What is a drum dial and how can you use it to set up your banjo head correctly?
Fretmentor student, Justin Lambert, explains the process of tuning your banjo head with a Drum Dial, in today’s guest blog.
Drum Dial & The Banjo
Tuning the head on a banjo is quite simple with the use of a “drum dial”. I bought mine online, though you can check your local drum shop. Your banjo head should be tuned to G#, this will help your banjo ring and have good sustain in each note. First, tune your banjo as close as you can to open “G” tuning and move the bridge to set the intonation. You can chime the #1 string at the 12th fret to see how close your intonation is to true. If your banjo is in tune when “open, or unfretted”, yet sharp when fretting at the 12th fret, you need to move the bridge towards the tailpiece. Move the bridge towards the neck if you are flat when fretting at the 12th fret. Once you have this accomplished, you can begin to tune your banjo head.
Tuning the Banjo Head
First, you need to calibrate your drum dial by placing it on a piece of glass and setting the needle to “0”.
Second, remove the resonator from your banjo by loosening the 4 caps or screws holding the resonator to the flange. Place your banjo on a towel or stand lying flat and place the drum dial about 1 inch from the edge. As you move the drum dial around your banjo head next to each hook, you might notice the dial registers 89, or 92. The number is not important, you just want the number to be the same at each “hook” all the way around the head. Go ahead and tighten, or loosen each hook working on opposing hooks all the way around the banjo. Do not work around the head in order, you will never get the numbers to be the same and most likely will damage the head. Tighten hook 1, then 12, then 6, then 18, then 3, then 15, etc. until you have the same number all the way around. Inevitably some hooks will be loose from tightening others, just snug these and keep moving around until they are all snug and you have the same number on the drum dial all the way around your banjo.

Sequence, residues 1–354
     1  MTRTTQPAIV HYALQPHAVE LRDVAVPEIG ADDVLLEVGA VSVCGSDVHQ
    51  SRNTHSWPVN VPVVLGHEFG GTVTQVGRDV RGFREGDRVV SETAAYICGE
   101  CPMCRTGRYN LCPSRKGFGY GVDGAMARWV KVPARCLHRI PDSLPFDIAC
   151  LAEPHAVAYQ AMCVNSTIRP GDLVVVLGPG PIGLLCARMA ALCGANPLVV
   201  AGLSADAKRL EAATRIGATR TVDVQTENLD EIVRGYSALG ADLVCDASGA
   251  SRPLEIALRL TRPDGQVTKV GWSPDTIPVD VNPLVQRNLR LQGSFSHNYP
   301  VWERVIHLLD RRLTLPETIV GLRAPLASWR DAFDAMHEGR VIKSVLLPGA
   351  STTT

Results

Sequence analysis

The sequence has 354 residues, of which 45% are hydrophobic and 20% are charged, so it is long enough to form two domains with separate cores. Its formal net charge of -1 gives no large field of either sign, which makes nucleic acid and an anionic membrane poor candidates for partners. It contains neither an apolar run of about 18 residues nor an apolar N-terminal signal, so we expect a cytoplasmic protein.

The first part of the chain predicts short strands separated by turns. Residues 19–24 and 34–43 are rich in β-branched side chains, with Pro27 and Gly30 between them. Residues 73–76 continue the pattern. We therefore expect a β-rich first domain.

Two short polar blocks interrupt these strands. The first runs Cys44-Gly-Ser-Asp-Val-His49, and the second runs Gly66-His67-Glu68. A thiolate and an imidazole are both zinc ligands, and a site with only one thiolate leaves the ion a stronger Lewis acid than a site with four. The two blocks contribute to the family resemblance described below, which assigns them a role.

Third, you will have to retune your banjo and possibly adjust the bridge ever so slightly. You should definitely notice your banjo “ring”, especially when hitting the first string. If it isn’t ringing just yet, you can go back and slightly tighten each hook (paying attention to your drum dial numbers, and the hooks closest to the tailpiece).
Fourth, replace the resonator and then play your banjo, you should notice a difference in both the sound quality and sustain. I recommend checking the head with the drum dial again within the next few days to weeks as some settling in will occur. Simply follow the above steps to get your banjo ringing and sounding great.
About today’s author: Justin Lambert is a ceramic artist specializing in one of a kind wood fired functional pottery made and fired at his home studio in Jupiter Farms, Florida. He has wanted to learn banjo for many years, having played some piano as a child, and alto saxophone seriously as a teenager for many years. He is a current Fretmentor banjo student.